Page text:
The Warrior MD Class of 2026 from Wayne State University School of Medicine practiced their artistic talents in an extracurricular activity created to get students thinking about shaping their professional identity over the next four years of medical school .
The activity took place on August 3 at the school’s Scott Hall cafeteria. Another session is scheduled for later this month.
The educational event, hosted by Associate Professor Emeritus Jennifer Mendez, Ph.D.; Jennifer Crystal, Ph.D., Academic Advisor for the Class of 2023; and Grace Serra, curator of the Wayne State Art Collection, was designed so that students can first learn how masks have been used to help humans cope with significant life-changing events, and how they reflect the concepts of cultural ideals. Students were able to view works from the Wayne State University Art Collection to learn how culture and masks from Africa, Polynesia and Mexico define identity.
“This mask-making project was much more than a craft project. Its intention was to help students begin to think about their own identities as future doctors and become aware of implicit biases,” said Serra: “I was thrilled to have had the opportunity to showcase artwork from the Wayne State University art collection that connected so well to this project.”
The activity was inspired by “Examining Professional Identity Formation Through the Ancient Art of Mask-Making,” a 2019 article in the Journal of General Internal Medicine about a similar after-school, non-graduated mask-making program as a form of training. reflective expression. . Using dedicated prompts, students at Penn State University School of Medicine used a blank papier-mâché mask to create a representation of their sense of self within the larger context of medical education.
At Wayne State, medical students, working in groups, used magazines, art supplies and a blank white mask to design the inside and outside of the masks to show their personal fears, insecurities and biases.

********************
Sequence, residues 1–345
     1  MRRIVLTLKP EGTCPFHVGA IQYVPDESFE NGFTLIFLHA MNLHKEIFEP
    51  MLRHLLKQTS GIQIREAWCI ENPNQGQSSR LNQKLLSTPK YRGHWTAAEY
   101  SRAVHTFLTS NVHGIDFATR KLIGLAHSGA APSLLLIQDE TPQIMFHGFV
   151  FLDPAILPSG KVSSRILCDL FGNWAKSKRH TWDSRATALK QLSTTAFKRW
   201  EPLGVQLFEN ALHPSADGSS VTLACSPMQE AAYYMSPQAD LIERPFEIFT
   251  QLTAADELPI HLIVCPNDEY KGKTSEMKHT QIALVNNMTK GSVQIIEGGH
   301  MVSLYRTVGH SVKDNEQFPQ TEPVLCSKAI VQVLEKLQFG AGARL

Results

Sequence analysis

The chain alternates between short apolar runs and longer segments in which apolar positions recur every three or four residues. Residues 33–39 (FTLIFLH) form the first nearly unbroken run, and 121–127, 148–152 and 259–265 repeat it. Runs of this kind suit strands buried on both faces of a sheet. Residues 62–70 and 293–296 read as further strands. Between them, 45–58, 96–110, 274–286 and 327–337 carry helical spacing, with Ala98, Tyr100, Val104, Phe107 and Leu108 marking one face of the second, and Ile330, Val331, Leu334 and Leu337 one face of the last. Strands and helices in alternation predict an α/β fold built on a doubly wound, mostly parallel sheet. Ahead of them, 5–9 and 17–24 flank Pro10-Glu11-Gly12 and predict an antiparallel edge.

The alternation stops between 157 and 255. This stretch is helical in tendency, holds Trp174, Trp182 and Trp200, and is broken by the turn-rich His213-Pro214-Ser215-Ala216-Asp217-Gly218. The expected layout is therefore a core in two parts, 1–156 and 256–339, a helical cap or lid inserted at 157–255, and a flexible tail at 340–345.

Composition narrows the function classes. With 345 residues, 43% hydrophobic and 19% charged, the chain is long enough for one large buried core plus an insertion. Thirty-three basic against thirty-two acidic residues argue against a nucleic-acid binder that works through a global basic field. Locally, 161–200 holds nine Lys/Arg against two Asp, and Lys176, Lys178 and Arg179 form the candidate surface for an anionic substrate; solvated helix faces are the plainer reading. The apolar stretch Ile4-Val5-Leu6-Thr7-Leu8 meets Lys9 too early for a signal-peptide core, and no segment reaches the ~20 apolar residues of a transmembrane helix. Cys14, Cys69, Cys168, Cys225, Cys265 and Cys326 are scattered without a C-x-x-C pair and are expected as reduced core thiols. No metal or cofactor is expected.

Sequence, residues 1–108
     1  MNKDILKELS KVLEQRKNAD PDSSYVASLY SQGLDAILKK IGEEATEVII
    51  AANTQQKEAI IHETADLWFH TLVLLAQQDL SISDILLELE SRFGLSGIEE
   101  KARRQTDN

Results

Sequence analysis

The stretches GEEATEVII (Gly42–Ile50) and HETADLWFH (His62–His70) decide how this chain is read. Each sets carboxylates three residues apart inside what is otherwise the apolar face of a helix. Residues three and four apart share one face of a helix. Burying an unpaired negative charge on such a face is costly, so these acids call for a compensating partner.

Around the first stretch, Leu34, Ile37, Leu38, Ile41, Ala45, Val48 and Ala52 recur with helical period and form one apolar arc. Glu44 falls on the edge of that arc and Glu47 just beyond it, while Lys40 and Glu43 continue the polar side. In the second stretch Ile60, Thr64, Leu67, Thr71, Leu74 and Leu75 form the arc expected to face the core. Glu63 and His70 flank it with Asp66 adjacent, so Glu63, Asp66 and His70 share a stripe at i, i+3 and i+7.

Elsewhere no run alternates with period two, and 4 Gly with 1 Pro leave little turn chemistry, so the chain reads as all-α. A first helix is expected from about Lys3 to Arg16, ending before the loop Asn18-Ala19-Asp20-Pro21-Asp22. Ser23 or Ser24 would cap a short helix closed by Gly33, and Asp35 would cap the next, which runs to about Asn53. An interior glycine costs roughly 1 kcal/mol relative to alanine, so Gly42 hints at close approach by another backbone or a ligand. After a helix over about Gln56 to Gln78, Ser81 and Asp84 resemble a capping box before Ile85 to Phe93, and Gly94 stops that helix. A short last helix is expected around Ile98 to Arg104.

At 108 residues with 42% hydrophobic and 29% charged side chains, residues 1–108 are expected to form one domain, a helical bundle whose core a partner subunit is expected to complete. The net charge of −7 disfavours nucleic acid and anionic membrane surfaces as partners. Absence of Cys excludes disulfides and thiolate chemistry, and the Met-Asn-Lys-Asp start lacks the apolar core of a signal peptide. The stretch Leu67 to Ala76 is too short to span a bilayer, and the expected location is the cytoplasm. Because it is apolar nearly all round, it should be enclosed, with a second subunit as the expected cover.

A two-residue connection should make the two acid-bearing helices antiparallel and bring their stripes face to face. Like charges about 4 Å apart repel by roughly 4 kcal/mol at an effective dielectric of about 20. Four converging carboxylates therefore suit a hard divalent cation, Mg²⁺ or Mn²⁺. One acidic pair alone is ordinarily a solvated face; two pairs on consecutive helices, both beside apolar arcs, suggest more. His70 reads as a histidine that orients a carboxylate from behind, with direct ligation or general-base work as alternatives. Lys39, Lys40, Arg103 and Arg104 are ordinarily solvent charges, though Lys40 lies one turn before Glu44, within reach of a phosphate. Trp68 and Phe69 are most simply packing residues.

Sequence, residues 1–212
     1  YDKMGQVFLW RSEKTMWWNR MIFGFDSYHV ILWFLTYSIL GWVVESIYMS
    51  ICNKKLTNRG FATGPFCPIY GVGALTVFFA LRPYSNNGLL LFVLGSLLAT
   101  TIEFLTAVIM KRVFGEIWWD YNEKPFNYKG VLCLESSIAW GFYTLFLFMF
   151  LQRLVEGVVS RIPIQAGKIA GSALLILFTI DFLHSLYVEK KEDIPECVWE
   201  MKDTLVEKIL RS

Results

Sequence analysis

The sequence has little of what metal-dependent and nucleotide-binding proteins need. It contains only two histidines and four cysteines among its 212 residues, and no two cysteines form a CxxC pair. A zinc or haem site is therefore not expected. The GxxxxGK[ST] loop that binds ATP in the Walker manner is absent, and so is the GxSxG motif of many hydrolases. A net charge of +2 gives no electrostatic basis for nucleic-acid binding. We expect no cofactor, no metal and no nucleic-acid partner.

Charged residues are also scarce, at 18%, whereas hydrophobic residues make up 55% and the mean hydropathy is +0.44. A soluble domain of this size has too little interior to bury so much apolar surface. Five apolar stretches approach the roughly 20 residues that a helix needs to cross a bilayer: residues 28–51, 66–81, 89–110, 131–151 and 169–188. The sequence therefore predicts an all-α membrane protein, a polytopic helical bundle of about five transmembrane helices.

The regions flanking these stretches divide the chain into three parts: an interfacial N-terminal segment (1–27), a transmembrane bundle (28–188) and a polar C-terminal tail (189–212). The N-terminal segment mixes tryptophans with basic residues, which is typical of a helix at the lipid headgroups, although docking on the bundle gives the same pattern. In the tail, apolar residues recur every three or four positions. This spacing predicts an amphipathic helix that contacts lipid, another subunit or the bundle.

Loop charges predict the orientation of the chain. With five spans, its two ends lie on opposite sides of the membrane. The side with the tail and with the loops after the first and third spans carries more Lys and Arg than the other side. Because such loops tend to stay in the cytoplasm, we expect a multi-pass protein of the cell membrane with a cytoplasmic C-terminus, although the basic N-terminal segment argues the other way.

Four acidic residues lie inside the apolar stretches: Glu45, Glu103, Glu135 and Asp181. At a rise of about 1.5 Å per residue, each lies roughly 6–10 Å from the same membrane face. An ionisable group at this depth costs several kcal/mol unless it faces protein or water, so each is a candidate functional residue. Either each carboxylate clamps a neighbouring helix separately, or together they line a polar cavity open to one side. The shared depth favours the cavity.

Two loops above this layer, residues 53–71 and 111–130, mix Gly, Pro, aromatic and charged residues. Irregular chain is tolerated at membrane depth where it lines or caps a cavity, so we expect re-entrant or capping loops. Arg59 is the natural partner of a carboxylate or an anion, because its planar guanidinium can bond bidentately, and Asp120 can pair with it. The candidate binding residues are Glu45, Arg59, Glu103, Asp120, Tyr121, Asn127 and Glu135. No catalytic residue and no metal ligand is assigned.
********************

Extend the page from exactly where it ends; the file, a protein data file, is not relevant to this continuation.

“Others may see us as ‘resilient’, ‘strong’, ‘worthy’, ‘smart’ and ‘determined’, but we too are human and sometimes feel like imposters because of this facade that we wear when we hit our lows,” said study participant Angelica Cabatu. “I believe incorporating this into our training now will help us remember later that our patients will have this mask too. which we need to be aware of to meet their needs as a patient and as a human being.”
The project described in the journal article has proven to be a safe and engaging way for students to explore their developing sense of self within the community of medical practice. A similar reaction was received at the WSU School of Medicine.
“This event served as a lesson to me that there are two faces to a medical student, or anyone for that matter, when we were given the task of creating a mask that depicts how the others may perceive us on the outside and what we do not necessarily portray to others on the inside,” Cabatu added. “As a team activity, we discussed among ourselves what we should put on on either side. To my surprise, I found a strange sense of comfort that other members of my group were hiding the same weaknesses as me. Knowing that we’ve all, at some point, or many times, cried from feelings of inadequacy or experienced the stress of our training so far, which made us wonder why we chose this trip reminded me that we are not alone in these feelings, despite what we represent on the outside.